Since business was conducted out of town, the reality of the drugs felt like a complete abstraction to me. I didn’t know anyone who used heroin; and the suffering of addiction was not something I thought about. One day in the spring Nora returned home with a brand-new white Miata convertible and a suitcase full of money. She dumped the cash on the bed and rolled around in it, naked and giggling. It was her biggest payout yet. Soon I was zipping around in that Miata, with Lenny Kravitz on the tape deck demanding to know, “Are You Gonna Go My Way?”

Despite (or perhaps because of) the bizarre romantic situation with Nora, I knew I needed to get out of Northampton and do something. My friend Lisa B. and I had been saving our tips and decided that we would quit our jobs at the brewery and take off for San Francisco at the end of the summer. (Lisa knew nothing about Nora’s secret activities.) When I told Nora, she replied that she would love to have an apartment in San Francisco and suggested that we fly out there and house-hunt. I was shocked that she felt so strongly about me.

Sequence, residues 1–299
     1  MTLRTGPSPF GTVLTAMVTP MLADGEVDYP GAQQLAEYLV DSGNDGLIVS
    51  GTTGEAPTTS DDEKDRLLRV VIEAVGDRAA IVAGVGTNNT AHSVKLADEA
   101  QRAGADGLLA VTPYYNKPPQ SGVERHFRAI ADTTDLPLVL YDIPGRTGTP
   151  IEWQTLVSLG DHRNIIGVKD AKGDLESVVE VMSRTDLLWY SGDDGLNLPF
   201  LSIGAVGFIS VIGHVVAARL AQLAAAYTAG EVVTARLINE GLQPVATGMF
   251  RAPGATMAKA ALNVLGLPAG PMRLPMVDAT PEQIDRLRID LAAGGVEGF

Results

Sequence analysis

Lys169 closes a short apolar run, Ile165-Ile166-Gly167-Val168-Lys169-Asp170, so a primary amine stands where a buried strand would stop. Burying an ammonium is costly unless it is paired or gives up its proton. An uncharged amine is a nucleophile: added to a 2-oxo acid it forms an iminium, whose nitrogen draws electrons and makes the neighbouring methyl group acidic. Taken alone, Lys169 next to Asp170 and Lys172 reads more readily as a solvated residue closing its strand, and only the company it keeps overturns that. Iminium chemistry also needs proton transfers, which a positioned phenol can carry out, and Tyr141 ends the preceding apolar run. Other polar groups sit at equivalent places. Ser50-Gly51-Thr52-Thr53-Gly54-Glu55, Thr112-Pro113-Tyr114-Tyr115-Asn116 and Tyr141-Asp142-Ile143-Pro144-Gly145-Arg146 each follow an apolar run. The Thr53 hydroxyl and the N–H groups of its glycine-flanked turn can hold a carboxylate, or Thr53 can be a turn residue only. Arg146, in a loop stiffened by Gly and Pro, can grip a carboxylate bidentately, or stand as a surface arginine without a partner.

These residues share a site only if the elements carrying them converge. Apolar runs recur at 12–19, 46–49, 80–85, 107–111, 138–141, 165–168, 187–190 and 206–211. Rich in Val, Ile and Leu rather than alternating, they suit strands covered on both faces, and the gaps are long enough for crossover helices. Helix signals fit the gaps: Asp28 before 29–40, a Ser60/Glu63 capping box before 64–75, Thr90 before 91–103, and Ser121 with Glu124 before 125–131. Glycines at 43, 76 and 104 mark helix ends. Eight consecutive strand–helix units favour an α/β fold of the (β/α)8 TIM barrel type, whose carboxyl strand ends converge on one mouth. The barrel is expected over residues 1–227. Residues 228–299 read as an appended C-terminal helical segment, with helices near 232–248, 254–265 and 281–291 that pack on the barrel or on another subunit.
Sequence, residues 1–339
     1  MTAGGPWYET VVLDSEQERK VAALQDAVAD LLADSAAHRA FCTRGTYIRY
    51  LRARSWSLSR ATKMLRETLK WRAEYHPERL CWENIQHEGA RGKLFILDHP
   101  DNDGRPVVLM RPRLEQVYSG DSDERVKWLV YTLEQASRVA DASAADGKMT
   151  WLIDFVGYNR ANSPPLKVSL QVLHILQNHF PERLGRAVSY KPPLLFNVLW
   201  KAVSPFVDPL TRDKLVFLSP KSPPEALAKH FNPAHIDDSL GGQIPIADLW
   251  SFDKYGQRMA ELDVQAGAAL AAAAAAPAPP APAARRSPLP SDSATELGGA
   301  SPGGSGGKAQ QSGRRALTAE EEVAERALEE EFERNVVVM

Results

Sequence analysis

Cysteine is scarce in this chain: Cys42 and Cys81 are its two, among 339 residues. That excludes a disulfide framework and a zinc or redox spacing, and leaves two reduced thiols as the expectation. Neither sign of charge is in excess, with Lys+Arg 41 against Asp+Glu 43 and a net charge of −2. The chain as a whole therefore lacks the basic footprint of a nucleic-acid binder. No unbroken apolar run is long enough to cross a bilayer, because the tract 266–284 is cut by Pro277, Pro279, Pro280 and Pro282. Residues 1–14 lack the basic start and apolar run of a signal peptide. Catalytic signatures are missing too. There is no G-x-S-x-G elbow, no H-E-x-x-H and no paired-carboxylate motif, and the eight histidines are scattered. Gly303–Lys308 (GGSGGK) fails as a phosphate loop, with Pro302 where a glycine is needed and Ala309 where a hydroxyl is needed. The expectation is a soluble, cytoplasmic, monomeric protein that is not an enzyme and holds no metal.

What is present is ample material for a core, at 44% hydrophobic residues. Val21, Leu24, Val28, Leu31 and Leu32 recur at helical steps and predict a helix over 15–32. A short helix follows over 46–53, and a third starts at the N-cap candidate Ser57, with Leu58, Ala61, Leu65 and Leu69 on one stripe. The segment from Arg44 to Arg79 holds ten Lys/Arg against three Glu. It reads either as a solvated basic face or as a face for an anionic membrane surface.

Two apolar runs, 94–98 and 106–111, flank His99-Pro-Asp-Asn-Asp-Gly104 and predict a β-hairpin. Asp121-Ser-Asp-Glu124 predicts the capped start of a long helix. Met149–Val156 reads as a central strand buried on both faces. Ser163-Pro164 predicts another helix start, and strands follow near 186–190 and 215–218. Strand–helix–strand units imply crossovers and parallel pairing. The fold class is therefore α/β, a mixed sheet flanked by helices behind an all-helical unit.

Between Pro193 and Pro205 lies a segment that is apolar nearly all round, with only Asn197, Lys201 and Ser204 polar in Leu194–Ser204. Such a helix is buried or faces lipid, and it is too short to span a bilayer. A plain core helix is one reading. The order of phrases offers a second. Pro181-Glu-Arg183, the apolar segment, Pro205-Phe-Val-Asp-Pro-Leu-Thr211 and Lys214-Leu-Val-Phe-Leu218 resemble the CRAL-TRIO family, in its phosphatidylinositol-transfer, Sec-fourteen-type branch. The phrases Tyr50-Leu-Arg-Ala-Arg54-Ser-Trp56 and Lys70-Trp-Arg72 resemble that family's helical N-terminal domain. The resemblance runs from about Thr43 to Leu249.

Just weeks before I was to leave Northampton, Nora learned that she had to return to Indonesia. “Why don’t you come with me, keep me company?” she suggested. “You don’t have to do anything, just hang out.”

I had never been out of the United States. Although I was supposed to begin my new life in California, the prospect was irresistible. I wanted an adventure, and Nora had one on offer. Nothing bad had ever happened to the guys from Northampton who had gone with her to exotic places as errand boys—in fact, they returned with high-flying stories that only a select group could even hear. I rationalized that there was no harm in keeping Nora company. She gave me money to purchase a ticket from San Francisco to Paris and said there would be a ticket to Bali waiting for me at the Garuda Air counter at Charles de Gaulle. It was that simple.